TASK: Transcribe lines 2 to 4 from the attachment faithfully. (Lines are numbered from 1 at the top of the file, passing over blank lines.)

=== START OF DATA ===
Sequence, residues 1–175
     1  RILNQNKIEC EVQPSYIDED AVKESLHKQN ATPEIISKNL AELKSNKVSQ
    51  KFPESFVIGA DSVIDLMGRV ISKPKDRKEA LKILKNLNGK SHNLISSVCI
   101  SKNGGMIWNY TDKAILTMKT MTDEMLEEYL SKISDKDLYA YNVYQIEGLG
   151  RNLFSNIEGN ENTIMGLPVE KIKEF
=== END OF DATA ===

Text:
     1  RILNQNKIEC EVQPSYIDED AVKESLHKQN ATPEIISKNL AELKSNKVSQ
    51  KFPESFVIGA DSVIDLMGRV ISKPKDRKEA LKILKNLNGK SHNLISSVCI
   101  SKNGGMIWNY TDKAILTMKT MTDEMLEEYL SKISDKDLYA YNVYQIEGLG